That white, fatty substance that covers the newborn baby. Do you know what it is? Do you know what it’s for? Maybe her first reaction is to twist her nose, believing it’s dirt. But believe me, it’s not! The white “cream” that surrounds the baby is called a vernix and serves as a protective layer during pregnancy and right after birth. Let’s learn more about this natural moisturizer?
How does the vernix form?
The vernix is formed by the accumulation of secretion from the sebaceous glands, including epithelial cells and lanugae. It is produced between the 20th and 38th week of gestation. In a very thin or very thick layer, the protective substance usually disappears naturally within the first 24 hours of life. Babies born at over 40 weeks usually have less vernix. Premature babies are born covered by the natural moisturizing “cream”.
What are the functions of the vernix?
This greasy, white layer is more important than we think. It has numerous protective functions and is important for the development of the fetus and also for the first hours of the baby out of the womb. So that you know each one, we have made a complete list:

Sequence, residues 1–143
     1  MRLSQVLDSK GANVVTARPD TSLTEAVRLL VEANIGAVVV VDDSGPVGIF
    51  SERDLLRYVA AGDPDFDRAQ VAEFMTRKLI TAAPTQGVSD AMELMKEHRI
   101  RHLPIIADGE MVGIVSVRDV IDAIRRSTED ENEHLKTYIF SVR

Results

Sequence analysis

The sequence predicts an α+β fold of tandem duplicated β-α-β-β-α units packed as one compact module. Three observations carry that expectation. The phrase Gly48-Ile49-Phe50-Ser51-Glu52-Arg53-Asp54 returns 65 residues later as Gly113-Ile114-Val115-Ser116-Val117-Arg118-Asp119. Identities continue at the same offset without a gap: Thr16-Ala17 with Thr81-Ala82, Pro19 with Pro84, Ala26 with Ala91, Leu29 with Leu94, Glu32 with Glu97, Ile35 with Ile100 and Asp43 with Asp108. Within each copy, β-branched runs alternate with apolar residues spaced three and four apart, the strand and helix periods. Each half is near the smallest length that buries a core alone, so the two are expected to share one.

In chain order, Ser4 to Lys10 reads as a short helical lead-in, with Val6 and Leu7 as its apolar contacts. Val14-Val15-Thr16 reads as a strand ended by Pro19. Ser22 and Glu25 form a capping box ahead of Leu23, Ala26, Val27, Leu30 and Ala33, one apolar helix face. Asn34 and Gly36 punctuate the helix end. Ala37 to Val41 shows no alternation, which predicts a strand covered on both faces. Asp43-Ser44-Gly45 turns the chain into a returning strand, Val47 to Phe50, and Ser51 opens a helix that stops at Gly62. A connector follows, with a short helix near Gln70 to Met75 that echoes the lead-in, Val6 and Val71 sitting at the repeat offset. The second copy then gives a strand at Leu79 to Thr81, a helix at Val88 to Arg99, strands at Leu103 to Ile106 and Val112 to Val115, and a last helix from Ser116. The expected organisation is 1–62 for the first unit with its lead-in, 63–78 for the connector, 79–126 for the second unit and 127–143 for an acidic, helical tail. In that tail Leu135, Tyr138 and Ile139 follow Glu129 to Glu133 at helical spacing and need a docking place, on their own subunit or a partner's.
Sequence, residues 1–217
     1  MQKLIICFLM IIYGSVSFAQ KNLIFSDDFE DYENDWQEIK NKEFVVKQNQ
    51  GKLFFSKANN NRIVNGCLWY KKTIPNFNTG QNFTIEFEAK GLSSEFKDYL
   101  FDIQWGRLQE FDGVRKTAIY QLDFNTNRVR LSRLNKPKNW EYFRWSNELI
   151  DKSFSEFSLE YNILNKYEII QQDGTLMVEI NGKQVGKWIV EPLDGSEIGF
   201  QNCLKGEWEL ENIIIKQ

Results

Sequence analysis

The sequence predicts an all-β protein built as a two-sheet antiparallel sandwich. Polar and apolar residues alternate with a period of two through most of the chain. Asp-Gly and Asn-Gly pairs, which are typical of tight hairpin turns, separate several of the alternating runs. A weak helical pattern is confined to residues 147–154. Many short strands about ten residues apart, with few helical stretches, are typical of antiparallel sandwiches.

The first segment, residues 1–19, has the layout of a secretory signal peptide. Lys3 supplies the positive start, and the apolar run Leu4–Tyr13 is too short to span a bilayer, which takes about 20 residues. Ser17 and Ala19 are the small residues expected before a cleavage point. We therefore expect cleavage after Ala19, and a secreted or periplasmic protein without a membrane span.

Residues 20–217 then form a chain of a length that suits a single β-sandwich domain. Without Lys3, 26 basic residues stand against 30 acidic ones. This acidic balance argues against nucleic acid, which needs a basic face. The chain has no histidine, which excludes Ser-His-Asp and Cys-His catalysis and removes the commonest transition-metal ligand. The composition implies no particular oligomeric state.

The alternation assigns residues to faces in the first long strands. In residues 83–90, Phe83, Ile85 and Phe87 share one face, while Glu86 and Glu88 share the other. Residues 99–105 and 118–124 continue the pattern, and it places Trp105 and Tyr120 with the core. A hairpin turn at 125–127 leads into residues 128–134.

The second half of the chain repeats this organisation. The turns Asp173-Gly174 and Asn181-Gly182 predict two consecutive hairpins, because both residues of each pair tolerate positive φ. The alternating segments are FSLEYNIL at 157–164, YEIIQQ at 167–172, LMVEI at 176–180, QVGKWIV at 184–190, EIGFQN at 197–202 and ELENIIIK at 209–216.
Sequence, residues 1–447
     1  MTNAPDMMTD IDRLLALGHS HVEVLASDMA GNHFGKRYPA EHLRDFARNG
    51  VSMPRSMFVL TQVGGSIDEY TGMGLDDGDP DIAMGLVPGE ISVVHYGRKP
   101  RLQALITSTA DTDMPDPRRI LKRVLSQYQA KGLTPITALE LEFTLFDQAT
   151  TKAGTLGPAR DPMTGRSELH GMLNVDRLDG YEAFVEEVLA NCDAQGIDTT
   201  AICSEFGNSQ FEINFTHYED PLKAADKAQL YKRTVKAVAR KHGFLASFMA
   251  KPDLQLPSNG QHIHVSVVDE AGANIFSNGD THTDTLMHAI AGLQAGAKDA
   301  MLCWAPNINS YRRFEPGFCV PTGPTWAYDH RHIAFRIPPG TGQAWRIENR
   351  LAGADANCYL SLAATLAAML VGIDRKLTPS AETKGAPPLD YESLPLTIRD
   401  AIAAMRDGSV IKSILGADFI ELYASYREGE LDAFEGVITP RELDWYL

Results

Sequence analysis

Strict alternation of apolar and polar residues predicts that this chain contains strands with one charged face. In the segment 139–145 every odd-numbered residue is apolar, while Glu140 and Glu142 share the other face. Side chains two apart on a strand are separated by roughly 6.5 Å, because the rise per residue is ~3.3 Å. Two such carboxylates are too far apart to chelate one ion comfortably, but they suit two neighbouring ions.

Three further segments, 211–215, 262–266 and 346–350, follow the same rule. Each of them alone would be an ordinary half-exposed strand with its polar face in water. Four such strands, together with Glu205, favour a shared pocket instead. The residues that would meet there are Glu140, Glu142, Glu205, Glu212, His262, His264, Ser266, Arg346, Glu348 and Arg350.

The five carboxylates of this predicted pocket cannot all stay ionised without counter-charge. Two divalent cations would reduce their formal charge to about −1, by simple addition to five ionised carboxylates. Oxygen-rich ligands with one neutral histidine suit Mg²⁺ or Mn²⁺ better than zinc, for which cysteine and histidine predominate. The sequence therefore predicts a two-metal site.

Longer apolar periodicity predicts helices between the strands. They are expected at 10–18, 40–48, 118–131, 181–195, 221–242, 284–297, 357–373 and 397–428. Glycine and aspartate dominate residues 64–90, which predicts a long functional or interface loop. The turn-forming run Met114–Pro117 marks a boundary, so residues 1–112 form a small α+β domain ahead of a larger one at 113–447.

– Hydrate: The substance has a high water content, increasing the hydration and plasticity of the baby’s skin.
– Protect: The vernix is a natural barrier against infection, inhibiting the growth of bacteria.
– Acid: The fatty layer helps the formation of the acid mantle, which takes about two to eight weeks to develop fully, depending on the gestational age of the baby. The newborn has a virtually neutral pH of the skin. This pH only reaches 5.5 – a level necessary for the skin’s defense against pathogenic bacteria – little by little and it is in this “barrier” that the vernix acts.
– Sunshine: Yes! He has melanin in his composition, which protects the newborn from ultraviolet rays and sunlight.
– Regeneration: The substance regenerates the skin. So much so that its healing properties are being studied for the treatment of perineal wounds after delivery.
According to the World Health Organization (WHO) recommendation, the vernix should be kept in the baby’s body for at least six to eight hours after birth. Therefore, the newborn baby’s bath should be postponed. The immediate removal of the substance is only recommended in cases of mothers with HIV virus, with a history of infection or if there is meconium in the placenta.
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